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U.S.-Based Crown Consortium Enters 11th Hour Bid For Volvo

Posted in auto industry, Cars, Ford, New Cars, Newsworthy, Volvo by Suzanne Denbow | October 5th, 2009 | Leave a Reply |


After weeks of depressing news regarding what was rapidly shaping up to be the inevitable sale (and subsequent death sentence) of Volvo to Chinese group Geely Automobile Holding, a faint ray of hope has emerged. According to reports, the U.S. based Crown consortium has secured funding from private investors and declared their intent to relieve the ailing Swedish subsidiary from Ford’s hands. Ironically enough, the Crown consortium is spearheaded by former Ford executives, Michael Dingman and Shamel Rushwin (also of Chrysler), though neither the group nor the purchase seem to have any apparent affiliation with the Blue Oval.

Aside from their expressed interest, the details of Crown’s bid are relatively scarce but sources have indicated the group is also procuring financial backing from Swedish investors, presumably with the promise that if the acquisition is successful, production will remain rooted firmly in Volvo’s motherland. The specific dollar amount the Crown consortium is offering has not been announced, but the same discreet messengers charged with leaking the initial information say that although the amount is notably less than Geely’s $2.5 billion, both Geely and Crown have outlined ownership plans that pledge an additional $3 billion investment into Volvo.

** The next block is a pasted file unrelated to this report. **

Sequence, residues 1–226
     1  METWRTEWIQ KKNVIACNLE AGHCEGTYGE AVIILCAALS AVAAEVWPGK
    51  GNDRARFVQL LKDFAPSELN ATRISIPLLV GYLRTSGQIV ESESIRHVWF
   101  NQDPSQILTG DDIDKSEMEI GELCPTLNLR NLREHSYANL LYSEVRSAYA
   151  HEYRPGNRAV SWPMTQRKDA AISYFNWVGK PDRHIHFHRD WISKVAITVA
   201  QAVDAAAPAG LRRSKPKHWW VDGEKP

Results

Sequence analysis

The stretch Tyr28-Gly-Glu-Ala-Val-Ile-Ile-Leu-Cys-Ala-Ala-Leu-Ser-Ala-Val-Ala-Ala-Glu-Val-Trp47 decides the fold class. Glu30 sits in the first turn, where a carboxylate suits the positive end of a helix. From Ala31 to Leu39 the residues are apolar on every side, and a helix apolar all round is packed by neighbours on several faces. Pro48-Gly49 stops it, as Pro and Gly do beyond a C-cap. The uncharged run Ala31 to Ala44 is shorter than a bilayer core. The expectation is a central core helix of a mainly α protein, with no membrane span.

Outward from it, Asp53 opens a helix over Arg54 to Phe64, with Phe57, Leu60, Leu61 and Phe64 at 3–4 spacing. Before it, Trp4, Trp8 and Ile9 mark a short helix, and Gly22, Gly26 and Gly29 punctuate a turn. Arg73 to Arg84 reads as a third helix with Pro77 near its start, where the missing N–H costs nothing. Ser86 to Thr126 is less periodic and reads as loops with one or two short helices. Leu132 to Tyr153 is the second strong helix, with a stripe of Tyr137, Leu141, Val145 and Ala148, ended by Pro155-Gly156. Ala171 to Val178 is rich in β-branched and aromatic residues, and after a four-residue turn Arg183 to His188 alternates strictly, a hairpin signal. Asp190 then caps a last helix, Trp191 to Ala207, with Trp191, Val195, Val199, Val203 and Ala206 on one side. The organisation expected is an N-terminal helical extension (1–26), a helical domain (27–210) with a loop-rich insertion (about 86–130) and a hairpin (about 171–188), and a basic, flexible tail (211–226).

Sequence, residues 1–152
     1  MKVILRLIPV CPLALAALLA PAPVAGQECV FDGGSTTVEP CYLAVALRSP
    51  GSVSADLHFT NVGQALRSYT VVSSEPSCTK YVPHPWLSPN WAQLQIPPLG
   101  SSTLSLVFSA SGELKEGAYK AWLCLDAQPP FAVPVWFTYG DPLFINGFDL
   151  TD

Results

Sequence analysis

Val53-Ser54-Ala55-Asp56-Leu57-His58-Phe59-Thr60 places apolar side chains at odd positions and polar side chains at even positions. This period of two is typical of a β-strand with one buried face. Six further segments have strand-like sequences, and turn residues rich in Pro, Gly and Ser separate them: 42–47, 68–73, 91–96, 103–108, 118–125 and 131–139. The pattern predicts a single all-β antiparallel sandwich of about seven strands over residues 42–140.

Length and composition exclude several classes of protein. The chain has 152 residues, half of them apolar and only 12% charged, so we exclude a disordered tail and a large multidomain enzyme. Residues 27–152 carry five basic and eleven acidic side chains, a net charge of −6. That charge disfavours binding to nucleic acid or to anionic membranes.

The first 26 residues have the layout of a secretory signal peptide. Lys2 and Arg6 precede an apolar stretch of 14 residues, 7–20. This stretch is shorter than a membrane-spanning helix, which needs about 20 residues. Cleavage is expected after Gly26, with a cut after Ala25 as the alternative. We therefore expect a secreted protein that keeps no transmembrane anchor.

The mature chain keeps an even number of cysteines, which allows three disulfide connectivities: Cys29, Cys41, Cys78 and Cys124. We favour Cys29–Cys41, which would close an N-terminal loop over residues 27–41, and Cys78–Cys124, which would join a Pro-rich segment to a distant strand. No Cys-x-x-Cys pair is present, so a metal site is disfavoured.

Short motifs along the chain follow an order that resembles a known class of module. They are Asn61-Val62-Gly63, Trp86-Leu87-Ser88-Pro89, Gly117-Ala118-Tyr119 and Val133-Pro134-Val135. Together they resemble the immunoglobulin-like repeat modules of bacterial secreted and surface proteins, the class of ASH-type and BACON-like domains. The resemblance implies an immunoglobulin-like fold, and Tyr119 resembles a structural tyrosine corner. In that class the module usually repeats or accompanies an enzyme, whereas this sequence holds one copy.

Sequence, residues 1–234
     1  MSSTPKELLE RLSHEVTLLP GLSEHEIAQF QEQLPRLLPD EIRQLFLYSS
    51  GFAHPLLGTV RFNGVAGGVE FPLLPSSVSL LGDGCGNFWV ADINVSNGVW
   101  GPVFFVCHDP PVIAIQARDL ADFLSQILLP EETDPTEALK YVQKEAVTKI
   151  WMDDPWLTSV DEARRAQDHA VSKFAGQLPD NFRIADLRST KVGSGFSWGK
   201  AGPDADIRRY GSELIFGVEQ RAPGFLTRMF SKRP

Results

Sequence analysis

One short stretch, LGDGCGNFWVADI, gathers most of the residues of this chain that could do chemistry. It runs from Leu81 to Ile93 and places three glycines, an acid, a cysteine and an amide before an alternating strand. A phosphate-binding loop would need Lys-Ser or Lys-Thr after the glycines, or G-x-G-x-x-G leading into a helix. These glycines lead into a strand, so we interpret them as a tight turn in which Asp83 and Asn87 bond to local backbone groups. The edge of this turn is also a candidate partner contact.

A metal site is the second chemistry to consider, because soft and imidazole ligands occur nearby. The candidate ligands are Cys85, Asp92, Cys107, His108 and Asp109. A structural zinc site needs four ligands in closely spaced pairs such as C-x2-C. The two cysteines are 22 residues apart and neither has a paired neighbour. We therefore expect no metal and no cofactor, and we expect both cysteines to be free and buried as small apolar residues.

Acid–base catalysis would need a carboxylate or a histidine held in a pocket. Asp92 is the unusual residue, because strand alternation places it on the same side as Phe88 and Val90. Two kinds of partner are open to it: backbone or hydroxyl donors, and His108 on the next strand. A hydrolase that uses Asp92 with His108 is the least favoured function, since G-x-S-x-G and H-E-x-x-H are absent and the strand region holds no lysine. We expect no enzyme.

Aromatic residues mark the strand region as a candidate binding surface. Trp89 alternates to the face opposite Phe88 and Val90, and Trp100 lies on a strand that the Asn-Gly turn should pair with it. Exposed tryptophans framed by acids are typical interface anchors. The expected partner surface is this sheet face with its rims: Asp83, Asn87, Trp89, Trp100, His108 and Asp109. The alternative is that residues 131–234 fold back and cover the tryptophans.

As of today, both Ford and Volvo have opted to remain tight-lipped on the matter but we expect more information to break as Ford’s year-end deadline to complete the sale approaches.

Editorial Note: In one of the articles used to compile this article, analyst Gregor Claussen of Commerzbank in Frankfurt told Forbes, “Having a U.S.-led consortium as a buyer might be charming to Americans, but Volvo being a small company needs economies of scale that Geely can provide.” While certainly a valid point from a financially shrewd perspective, what Claussen has obviously neglected to consider in his patronization of the Crown consortium’s bid is the rich lecherous history of the Chinese automotive industry and Ford’s interest in preserving their image. Unlike their Detroit brethren, the Ford Motor Company is controlled by the same family responsible for its foundation in 1903 and each major decision is carefully weighed against its potential to harm their meticulously maintained personal reputation. GM may have had no compunction whoring out Saab to the highest bidder (as evidence by Beijing’s recent purchase of the design and production rights to the Saab 9-5) or leaving their under-performing brands (and dealerships) to die an ugly, public death, but Ford has yet to stoop to such deplorable levels. If their ethos is to be believed, Ford is aware that the sale of Volvo to Geely would be a gross breach of both personal and professional ethics and would place their values no higher than those of the The General. So Claussan’s observation may be factually accurate, but Ford should know it isn’t right.

Primary Source: Auto News

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